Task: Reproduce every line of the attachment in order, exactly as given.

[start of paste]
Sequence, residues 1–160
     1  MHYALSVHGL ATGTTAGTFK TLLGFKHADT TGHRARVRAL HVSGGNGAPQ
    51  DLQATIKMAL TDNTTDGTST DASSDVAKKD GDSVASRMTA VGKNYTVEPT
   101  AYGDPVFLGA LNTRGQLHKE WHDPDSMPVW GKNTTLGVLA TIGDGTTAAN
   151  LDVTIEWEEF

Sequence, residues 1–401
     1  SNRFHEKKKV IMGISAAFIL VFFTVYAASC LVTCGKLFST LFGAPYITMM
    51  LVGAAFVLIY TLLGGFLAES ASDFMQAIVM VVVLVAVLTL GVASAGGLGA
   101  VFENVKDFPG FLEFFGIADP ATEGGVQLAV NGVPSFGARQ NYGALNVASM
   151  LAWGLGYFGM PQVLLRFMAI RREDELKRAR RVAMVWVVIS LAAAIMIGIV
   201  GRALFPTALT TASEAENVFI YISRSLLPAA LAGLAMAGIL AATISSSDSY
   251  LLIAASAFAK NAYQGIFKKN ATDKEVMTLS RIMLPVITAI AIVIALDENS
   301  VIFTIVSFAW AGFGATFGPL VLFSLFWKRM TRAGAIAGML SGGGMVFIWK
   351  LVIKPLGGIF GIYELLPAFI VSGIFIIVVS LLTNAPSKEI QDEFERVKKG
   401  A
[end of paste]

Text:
Sequence, residues 1–160
     1  MHYALSVHGL ATGTTAGTFK TLLGFKHADT TGHRARVRAL HVSGGNGAPQ
    51  DLQATIKMAL TDNTTDGTST DASSDVAKKD GDSVASRMTA VGKNYTVEPT
   101  AYGDPVFLGA LNTRGQLHKE WHDPDSMPVW GKNTTLGVLA TIGDGTTAAN
   151  LDVTIEWEEF

Sequence, residues 1–401
     1  SNRFHEKKKV IMGISAAFIL VFFTVYAASC LVTCGKLFST LFGAPYITMM
    51  LVGAAFVLIY TLLGGFLAES ASDFMQAIVM VVVLVAVLTL GVASAGGLGA
   101  VFENVKDFPG FLEFFGIADP ATEGGVQLAV NGVPSFGARQ NYGALNVASM
   151  LAWGLGYFGM PQVLLRFMAI RREDELKRAR RVAMVWVVIS LAAAIMIGIV
   201  GRALFPTALT TASEAENVFI YISRSLLPAA LAGLAMAGIL AATISSSDSY
   251  LLIAASAFAK NAYQGIFKKN ATDKEVMTLS RIMLPVITAI AIVIALDENS
   301  VIFTIVSFAW AGFGATFGPL VLFSLFWKRM TRAGAIAGML SGGGMVFIWK
   351  LVIKPLGGIF GIYELLPAFI VSGIFIIVVS LLTNAPSKEI QDEFERVKKG
   401  A